I need to set a value in a table for a subset of rows. In SQL, I would do this:

UPDATE dbo.Person SET is_default = 0 WHERE person_id = 5

Is there a way to do this in LINQ?

I currently use the:

var result = (from p in Context.People....)


Is there an update method I can use? Or do I have to get all the records, then update them one-by-one in a Foreach?

Is this the most efficient way, if this is even possible?

(from p in Context.person_account_portfolio where p.person_id == personId select p)
       x =>
       x.is_default =

I assume person_id is the primary key of Person table, so here's how you update a single record:

Person result = (from p in Context.Persons
              where p.person_id == 5
              select p).SingleOrDefault();

result.is_default = false;


and here's how you update multiple records:

List<Person> results = (from p in Context.Persons
                        where .... // add where condition here
                        select p).ToList();

foreach (Person p in results)
    p.is_default = false;


This worked best.

(from p in Context.person_account_portfolio 
 where p.person_id == personId select p).ToList()
                                        .ForEach(x => x.is_default = false);

  • will you please explain this query ? @Craig – user6628729 Oct 13 '16 at 7:18
  • Yes! It is necessary! – Konstantin Jan 31 '17 at 5:12
  • Is there a reason for the List and ForEach this is not necessary? it's extra Computation and Memory allocation that is un-necessary? I have posted a more efficient example on the Question... – Ollie Beumkes Mar 11 at 0:25

Just as an addition to the accepted answer, you might find your code looking more consistent when using the LINQ method syntax:

.Where(p => person_id == personId)
.ForEach(x => x.is_default = false);

.ToList() is neccessary because .ForEach() is defined only on List<T>, not on IEnumerable<T>. Just be aware .ToList() is going to execute the query and load ALL matching rows from database before executing the loop.


You have two options as far as I know:

  1. Perform your query, iterate over it to modify the entities, then call SaveChanges().
  2. Execute a SQL command like you mentioned at the top of your question. To see how to do this, take a look at this page.

If you use option 2, you're losing some of the abstraction that the Entity Framework gives you, but if you need to perform a very large update, this might be the best choice for performance reasons.


Yes. You can use foreach to update the records in linq.There is no performance degrade.

you can verify that the standard Where operator is implemented using the yield construct introduced in C# 2.0.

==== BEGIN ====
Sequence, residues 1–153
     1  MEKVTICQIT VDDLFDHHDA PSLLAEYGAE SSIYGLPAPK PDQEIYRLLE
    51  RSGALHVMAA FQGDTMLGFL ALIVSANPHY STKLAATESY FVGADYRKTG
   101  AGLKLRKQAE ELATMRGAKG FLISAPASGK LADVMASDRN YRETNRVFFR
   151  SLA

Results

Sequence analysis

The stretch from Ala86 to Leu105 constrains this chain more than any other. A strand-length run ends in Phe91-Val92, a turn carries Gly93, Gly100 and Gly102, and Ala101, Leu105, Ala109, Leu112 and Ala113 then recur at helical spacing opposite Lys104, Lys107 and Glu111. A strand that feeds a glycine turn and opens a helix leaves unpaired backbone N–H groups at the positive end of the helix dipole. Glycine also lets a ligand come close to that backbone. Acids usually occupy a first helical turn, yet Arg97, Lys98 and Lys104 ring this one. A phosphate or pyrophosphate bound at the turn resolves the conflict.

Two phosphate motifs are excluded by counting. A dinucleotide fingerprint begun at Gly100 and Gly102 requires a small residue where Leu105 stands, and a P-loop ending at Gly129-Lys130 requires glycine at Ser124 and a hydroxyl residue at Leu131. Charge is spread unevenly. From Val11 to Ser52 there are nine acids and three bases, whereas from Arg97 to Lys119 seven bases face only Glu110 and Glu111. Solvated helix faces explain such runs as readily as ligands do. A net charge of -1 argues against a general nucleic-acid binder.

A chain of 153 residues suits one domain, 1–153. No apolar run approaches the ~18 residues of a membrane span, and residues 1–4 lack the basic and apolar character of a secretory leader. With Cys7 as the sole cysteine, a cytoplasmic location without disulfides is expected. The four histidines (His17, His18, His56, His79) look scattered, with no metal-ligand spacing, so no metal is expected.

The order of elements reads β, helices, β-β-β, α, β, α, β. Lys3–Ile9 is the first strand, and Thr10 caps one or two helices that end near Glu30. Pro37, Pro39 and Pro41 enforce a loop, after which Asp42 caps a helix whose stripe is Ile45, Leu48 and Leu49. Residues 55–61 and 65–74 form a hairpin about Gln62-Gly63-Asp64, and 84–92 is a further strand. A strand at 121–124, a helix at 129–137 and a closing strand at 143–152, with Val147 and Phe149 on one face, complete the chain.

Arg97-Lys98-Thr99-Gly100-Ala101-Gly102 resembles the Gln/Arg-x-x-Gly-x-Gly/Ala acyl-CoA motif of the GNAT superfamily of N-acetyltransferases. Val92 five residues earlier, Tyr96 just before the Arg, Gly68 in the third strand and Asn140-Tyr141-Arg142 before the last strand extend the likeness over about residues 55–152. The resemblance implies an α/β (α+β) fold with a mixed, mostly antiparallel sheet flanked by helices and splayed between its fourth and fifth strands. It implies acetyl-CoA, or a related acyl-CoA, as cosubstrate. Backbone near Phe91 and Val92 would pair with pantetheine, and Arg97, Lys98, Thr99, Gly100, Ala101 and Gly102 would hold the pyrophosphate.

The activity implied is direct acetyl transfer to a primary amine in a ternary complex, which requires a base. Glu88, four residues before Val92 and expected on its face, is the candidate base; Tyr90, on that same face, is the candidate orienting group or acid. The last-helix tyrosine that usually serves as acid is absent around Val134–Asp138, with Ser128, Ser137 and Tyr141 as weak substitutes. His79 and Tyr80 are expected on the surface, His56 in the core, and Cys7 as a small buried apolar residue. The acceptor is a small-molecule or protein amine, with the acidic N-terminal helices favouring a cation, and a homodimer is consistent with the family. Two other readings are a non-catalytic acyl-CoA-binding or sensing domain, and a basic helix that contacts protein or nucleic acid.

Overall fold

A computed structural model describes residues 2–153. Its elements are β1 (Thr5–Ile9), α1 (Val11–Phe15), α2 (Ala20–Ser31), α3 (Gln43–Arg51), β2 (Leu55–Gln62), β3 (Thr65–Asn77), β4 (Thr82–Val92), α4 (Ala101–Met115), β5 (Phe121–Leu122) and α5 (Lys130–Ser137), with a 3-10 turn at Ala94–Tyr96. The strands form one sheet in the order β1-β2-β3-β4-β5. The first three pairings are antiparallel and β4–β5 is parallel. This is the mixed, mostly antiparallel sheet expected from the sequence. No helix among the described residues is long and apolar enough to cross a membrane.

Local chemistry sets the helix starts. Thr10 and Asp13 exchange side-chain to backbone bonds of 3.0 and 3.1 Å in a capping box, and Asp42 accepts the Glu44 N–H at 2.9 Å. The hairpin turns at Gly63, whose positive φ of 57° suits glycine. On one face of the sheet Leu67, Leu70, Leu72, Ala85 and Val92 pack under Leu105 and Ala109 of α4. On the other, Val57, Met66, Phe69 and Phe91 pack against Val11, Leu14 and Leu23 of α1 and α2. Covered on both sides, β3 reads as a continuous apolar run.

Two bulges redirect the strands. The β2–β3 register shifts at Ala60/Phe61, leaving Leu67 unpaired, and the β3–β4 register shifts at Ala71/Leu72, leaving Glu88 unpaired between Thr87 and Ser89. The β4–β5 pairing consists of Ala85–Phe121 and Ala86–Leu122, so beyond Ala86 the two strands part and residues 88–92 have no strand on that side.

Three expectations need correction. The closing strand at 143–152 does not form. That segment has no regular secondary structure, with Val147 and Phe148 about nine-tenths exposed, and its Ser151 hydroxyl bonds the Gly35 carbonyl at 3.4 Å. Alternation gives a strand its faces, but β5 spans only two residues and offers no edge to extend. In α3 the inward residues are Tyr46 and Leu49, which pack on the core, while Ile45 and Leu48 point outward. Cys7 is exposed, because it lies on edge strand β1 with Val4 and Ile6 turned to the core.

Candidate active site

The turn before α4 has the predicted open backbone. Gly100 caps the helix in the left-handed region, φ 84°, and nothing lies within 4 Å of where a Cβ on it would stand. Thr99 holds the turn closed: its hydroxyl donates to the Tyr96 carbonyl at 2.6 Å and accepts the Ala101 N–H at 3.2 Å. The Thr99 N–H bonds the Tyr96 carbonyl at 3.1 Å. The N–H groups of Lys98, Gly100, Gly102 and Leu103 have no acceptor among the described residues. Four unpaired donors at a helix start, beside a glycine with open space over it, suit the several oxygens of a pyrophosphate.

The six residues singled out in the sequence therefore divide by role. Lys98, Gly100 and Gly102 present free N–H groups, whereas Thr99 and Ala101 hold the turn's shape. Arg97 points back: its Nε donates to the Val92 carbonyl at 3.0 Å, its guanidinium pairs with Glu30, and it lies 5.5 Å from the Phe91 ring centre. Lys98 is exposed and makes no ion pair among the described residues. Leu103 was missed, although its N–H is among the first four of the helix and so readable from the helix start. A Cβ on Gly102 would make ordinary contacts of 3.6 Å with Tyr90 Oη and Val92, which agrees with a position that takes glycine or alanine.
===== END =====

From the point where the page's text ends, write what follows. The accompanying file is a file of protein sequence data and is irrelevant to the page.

The use of yield has an interesting benefit which is that the query is not actually evaluated until it is iterated over, either with a foreach statement or by manually using the underlying GetEnumerator and MoveNext methods

For instance,

var query = db.Customers.Where (c => c.Name.StartsWith ("A"));
query = query.Where (c => c.Purchases.Count() >= 2);
var result = query.Select (c => c.Name);

foreach (string name in result)   // Only now is the query executed!
   Console.WriteLine (name);

Exceptional operators are: First, ElementAt, Sum, Average, All, Any, ToArray and ToList force immediate query evaluation.

So no need to scare to use foreach for update the linq result.

In your case code sample given below will be useful to update many properties,

 var persons = (from p in Context.person_account_portfolio where p.person_name == personName select p);

//TO update using foreach

foreach(var person in persons)
//update property values

I hope it helps...

  • 2
    yield is a red herring: that's an implementation detail. – ta.speot.is Aug 9 '14 at 10:26

Yes, you have to get all records, update them and then call SaveChanges.


Strangely, for me it's SubmitChanges as opposed to SaveChanges:

    foreach (var item in w)
        if (Convert.ToInt32(e.CommandArgument) == item.ID)
            item.Sort = 1;
            item.Sort = null;
  • 1
    Read here: stackoverflow.com/questions/10980619/… And you probably shouldn't call .SubmitChanges()on each iteration... – ChriPf Jun 12 '17 at 9:07
  • If code is run as Language = C# Statement(s). It shouldn't cause problems you will need to commonly re-execute it after every every execution. – N_E Aug 24 '17 at 18:19
public ActionResult OrderDel(int id)
        string a = Session["UserSession"].ToString();
        var s = (from test in ob.Order_Details where test.Email_ID_Fk == a && test.Order_ID == id select test).FirstOrDefault();
        s.Status = "Order Cancel By User";
        //foreach(var updter in s)
        //    updter.Status = "Order Cancel By User";

        return Json("Sucess", JsonRequestBehavior.AllowGet);
    } <script>
            function Cancel(id) {
                if (confirm("Are your sure ? Want to Cancel?")) {

                        type: 'POST',
                        url: '@Url.Action("OrderDel", "Home")/' + id,
                        datatype: 'JSON',
                        success: function (Result) {
                            if (Result == "Sucess")
                                alert("Your Order has been Canceled..");
                        error: function (Msgerror) {



In response to the Comment on the Answer to this above here is my solution, this uses a Linq query without the breaks or abstraction but it avoids the un-necassary use of Memory and Computation for the List and ForEach...

(from p in Context.person_account_portfolio 
                 where p.personId == personId 
                 select p).FirstOrDefault().is_default .Equals(false);

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